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DRTYBYRD
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484 Posts
Discussion Starter · #1 ·
As the the title states, I am still learning a about the ins and outs of turning. This includes the tools used for doing so.
With that being said, I present to the field, a set of Marples and Sons chisels I purchased off of ebay. Used obviously, however I did not notice something in the advertising that I did once received. It is in the collar if you will of the chisels. See attached.
My question is should I be concerned by this, is it repairable, or should I just get my refund and continue my search?


Burin Product Japanese chisel Chisel Tool




Product




Product Tool Chisel Metal Burin




As usual, any advice is useful and welcomed.
Thanks on advanced - Johnny
 

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Senior Member
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7,222 Posts
The collar as you refer is called a ferrule.

I would not want to use a tool with a broken ferrule. This is an important detail to assist in preventing the tool handle from splitting.

This is the first time I have seen split ferrules. Perhaps someone else can advise how this can happen.

A lot of force may be generated using a tool, especially if you get a catch.

The good news is that the ferrule should be easily replaced. Perhaps easier than returning the tools.

You can either purchase ferrules from woodturning supply companies like Packard Toolworks, or you can purchase copper couplings from a local hardware store or big box store.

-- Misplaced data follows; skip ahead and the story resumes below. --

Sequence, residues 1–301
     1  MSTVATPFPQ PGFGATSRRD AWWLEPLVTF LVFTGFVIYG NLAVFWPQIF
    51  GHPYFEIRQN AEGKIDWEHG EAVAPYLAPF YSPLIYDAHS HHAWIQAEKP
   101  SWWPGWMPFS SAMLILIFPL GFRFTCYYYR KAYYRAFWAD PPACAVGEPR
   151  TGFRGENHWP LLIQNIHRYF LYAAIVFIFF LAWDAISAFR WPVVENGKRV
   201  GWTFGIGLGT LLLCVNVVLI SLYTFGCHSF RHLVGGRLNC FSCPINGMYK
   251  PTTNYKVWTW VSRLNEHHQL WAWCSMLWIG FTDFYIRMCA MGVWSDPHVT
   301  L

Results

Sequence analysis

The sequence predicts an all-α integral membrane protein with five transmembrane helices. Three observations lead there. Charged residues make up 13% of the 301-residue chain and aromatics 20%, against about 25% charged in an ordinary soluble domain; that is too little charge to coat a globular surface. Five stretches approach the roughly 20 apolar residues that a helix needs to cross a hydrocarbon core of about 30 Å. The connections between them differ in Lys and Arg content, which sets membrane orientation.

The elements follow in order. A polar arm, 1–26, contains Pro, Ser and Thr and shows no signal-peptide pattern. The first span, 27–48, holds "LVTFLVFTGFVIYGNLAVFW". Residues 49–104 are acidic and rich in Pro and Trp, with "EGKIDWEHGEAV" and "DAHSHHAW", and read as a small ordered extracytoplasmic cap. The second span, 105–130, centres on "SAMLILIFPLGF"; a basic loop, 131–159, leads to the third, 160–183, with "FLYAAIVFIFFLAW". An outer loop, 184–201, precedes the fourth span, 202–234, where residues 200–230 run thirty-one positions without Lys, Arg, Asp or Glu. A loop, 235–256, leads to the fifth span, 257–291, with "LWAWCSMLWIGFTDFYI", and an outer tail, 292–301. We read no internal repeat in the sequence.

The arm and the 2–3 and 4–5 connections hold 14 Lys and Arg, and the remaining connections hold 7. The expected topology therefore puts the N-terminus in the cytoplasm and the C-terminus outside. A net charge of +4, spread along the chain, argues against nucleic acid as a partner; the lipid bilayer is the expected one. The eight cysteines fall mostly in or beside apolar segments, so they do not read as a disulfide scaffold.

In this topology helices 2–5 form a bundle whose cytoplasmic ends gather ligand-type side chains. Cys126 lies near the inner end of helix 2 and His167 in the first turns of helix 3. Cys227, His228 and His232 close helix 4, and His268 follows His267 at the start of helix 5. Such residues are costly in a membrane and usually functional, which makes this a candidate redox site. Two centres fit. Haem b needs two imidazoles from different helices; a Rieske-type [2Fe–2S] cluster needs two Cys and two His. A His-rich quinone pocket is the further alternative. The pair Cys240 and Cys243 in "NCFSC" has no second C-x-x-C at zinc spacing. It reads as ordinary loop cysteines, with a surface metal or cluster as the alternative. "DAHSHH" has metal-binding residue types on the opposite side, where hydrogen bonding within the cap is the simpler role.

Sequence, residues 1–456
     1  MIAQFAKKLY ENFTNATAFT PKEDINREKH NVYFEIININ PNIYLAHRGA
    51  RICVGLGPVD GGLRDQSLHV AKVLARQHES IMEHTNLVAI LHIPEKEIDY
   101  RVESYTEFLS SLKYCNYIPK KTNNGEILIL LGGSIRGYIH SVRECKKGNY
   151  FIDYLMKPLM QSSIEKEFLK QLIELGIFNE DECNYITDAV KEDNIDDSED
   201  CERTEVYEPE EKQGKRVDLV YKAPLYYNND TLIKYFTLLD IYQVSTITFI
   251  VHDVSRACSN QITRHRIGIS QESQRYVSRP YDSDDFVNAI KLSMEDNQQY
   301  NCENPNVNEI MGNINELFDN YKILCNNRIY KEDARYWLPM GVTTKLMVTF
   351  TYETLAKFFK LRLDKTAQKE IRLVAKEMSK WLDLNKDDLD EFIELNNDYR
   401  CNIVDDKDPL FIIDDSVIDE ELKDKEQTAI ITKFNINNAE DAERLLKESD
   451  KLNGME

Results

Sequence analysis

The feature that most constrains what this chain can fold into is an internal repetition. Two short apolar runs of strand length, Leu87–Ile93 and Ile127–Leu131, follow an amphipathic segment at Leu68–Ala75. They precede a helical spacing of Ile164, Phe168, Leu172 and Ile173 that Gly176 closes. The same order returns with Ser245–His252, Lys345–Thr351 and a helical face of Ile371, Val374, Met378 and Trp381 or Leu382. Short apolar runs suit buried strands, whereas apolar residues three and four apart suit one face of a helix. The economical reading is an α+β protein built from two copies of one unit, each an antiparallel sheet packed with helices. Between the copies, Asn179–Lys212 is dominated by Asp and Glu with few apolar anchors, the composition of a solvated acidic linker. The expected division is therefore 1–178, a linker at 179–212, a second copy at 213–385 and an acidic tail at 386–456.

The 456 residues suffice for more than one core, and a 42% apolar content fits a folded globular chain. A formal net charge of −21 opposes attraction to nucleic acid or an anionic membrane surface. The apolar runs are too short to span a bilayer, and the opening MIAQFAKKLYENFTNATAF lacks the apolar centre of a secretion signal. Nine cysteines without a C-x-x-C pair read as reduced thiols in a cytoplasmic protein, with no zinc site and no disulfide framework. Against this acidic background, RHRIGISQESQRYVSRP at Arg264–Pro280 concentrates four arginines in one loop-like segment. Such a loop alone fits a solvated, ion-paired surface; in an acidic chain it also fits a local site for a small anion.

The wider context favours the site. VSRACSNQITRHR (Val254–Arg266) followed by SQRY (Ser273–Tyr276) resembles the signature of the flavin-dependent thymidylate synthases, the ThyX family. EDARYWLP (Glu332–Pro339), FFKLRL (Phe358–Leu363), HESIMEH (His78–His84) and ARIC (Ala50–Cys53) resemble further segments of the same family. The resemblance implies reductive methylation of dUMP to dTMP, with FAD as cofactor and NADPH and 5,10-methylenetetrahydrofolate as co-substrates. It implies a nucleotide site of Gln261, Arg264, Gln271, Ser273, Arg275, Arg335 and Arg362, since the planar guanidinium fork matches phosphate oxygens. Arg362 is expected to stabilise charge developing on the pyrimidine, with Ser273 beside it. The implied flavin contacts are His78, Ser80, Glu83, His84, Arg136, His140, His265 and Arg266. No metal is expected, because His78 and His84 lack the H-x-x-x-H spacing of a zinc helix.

Check the diameter of the wood within the ferrule to determine what size you need to purchase.
 

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DRTYBYRD
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484 Posts
Discussion Starter · #3 ·
The collar as you refer is called a ferrule.

I would not want to use a tool with a broken ferrule. This is an important detail to assist in preventing the tool handle from splitting.

This is the first time I have seen split ferrules. Perhaps someone else can advise how this can happen.

A lot of force may be generated using a tool, especially if you get a catch.

The good news is that the ferrule should be easily replaced. Perhaps easier than returning the tools.

You can either purchase ferrules from woodturning supply companies like Packard Toolworks, or you can purchase copper couplings from a local hardware store or big box store.

Check the diameter of the wood within the ferrule to determine what size you need to purchase.
Thanks Dave for the quick response. I just got them in today so I was all excited about getting on step closer to turning. The split concerned me immediately upon closer inspection.
These were $24+ shipping. Are the tools themselves worth keeping at that price with the additional repairs needed? I'm now concerned about the potential on the wood being cracked as well if the ferrule has been damaged.
 

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No Longer Here, BY CHOICE